Kill animations were all created by ourselves. In terms of game design and character animations, we did not create these through inspiration from western style, these came as a result of our own creativity.
Which hip-hop acts are you working with for the soundtrack?
Atsushi Inaba: We worked with several hip-hop acts for the soundtrack including Ox, Doujah Raze, Optimus and S.O.U.L. There are 20 tracks in total and each track is completely original and was created specifically for MADWORLD so you won't find these songs anywhere else. You can only hear this soundtrack in full by purchasing the game, and as your progress through the game you'll hear new tracks.
Why did Platinum Games decide to partner up with SEGA?
Atsushi Inaba: Firstly they offered us a greater amount of freedom in our development. Secondly we felt that they understood and empathised with our challenge to create new IPs. The relationship works really well and we hope it continues.
Is MadWorld just about killing cannon fodder? Or does the game's concept open up as the game continues?
Atsushi Inaba: It's a fighting game, but it also has a very involving storyline. Plus there's so much variety in how you can take down your enemies and you're rewarded via a points system for being as creative as you can in doing so.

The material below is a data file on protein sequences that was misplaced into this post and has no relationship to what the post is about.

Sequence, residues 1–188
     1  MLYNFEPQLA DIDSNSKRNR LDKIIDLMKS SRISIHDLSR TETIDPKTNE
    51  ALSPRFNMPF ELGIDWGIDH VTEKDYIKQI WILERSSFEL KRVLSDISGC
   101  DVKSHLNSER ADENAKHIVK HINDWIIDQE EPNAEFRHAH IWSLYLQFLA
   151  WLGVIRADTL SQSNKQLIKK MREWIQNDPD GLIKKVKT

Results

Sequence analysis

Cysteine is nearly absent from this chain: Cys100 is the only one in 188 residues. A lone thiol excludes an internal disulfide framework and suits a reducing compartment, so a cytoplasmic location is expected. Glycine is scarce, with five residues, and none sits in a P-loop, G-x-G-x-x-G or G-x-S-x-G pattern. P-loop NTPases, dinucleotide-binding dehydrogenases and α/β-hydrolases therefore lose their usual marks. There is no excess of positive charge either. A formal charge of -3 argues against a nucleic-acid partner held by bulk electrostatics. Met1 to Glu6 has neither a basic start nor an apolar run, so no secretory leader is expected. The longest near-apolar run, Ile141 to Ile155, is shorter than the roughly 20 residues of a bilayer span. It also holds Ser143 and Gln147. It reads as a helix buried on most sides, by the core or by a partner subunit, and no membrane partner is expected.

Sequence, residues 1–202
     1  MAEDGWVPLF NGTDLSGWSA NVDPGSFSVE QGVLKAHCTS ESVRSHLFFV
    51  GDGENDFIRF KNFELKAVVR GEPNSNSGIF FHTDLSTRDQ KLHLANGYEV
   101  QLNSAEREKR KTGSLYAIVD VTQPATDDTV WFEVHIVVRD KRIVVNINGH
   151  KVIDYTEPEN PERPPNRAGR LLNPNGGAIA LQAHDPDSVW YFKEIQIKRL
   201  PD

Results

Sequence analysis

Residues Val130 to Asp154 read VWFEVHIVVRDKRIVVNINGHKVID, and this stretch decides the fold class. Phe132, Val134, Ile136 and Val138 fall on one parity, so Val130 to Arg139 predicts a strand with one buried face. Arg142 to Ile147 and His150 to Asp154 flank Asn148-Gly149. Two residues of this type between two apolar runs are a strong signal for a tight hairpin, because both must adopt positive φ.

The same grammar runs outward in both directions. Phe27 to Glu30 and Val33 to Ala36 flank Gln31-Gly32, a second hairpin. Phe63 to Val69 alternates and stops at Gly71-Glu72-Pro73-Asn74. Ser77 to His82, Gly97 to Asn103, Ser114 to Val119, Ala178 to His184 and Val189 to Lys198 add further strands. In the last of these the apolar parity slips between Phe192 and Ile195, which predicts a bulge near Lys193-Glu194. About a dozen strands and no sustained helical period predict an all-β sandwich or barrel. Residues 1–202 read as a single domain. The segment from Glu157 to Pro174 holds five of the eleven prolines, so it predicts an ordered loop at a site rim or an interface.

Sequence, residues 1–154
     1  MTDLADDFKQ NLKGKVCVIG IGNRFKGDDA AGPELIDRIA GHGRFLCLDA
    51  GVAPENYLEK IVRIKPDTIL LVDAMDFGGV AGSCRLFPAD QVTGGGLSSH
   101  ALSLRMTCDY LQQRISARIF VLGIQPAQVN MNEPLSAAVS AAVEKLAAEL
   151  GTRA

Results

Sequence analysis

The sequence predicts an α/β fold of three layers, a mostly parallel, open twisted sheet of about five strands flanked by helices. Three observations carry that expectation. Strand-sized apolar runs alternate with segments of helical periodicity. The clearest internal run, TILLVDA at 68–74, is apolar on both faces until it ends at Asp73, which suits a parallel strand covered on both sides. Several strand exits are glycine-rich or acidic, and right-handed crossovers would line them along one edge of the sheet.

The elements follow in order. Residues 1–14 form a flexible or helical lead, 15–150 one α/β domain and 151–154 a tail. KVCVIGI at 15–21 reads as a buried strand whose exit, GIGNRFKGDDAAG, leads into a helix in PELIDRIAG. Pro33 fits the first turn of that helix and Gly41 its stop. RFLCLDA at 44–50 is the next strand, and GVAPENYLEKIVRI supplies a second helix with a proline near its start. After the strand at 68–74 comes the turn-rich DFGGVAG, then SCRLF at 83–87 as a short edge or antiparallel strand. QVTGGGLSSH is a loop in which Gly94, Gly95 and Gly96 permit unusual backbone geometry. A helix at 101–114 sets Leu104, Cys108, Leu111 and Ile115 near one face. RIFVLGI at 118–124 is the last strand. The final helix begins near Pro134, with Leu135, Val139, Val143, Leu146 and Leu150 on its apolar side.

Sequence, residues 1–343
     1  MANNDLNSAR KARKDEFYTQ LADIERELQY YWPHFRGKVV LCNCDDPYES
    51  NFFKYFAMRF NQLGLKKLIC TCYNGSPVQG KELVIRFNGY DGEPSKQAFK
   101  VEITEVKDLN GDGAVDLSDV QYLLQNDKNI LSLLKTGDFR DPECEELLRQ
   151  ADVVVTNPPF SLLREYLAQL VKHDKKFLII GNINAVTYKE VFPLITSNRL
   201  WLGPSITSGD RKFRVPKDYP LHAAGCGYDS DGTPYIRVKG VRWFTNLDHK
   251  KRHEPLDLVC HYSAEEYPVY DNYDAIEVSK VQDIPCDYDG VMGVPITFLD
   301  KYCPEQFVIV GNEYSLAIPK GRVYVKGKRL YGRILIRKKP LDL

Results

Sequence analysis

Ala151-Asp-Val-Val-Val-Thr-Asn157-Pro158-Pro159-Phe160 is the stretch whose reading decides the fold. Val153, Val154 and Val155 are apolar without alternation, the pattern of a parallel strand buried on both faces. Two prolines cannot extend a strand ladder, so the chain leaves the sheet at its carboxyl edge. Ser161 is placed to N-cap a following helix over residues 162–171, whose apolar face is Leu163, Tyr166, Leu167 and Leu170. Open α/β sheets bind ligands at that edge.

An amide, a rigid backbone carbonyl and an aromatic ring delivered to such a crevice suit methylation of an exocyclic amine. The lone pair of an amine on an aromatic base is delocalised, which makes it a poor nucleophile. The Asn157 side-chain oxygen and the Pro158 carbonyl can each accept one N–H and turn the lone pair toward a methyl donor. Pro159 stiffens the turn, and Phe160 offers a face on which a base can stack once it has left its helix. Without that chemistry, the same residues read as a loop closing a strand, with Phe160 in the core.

What's your favourite kill in the game?
Atsushi Inaba: I don't have a favourite kill, but I do like to do as much as possible to an enemy before I finally finish him off. Like spear him with a signpost, put a tyre around his waist and then chuck a bin on his head, and then use a baseball bat to smash him onto a spike wall...
Is there a chance of the title coming to the Xbox 360 or PlayStation 3, or will the series always be exclusive to the Nintendo Wii?
Atsushi Inaba: The first thought was to bring something interesting to the Wii. We are confident that we have achieved that. We would like to take more time to think of the future of this franchise so you'll just have to see what happens.
Dallas asks: Will the game support classic controller support?
Atsushi Inaba: No. Supporting classic controller was not the option from the beginning of the project because our goal was to create an easily controlled game with the Wii remote.
Ulisses Nascimento asks: What will we see in MadWorld that may increase the replay value after we're done with the main single-player campaign?
Atsushi Inaba: The main single-player game itself has enough freedom to be played again and again, and there are some weapons that are only available after you complete the game. Also, you can play Bloodbath Challenge multiplayer mini-games with your friends, such as Man Darts and Death Press.
Deep asks: Are you upset that the game won't be released in Japan?
Atsushi Inaba: Each territory has its own guidelines about game content, especially about violence. It's a rule, so we just have to accept it. MadWorld is a unique game which includes opposing themes; YES and NO to the violence.
Also, we never encourage realistic violence. As you can see in the game, our message is to enjoy over-the-top violent actions in a virtual world. I would like all press to understand our aims correctly when they write about the game.
Our thanks go out to Atsushi Inaba, the rest of the PlatinumGames development team and Sega too.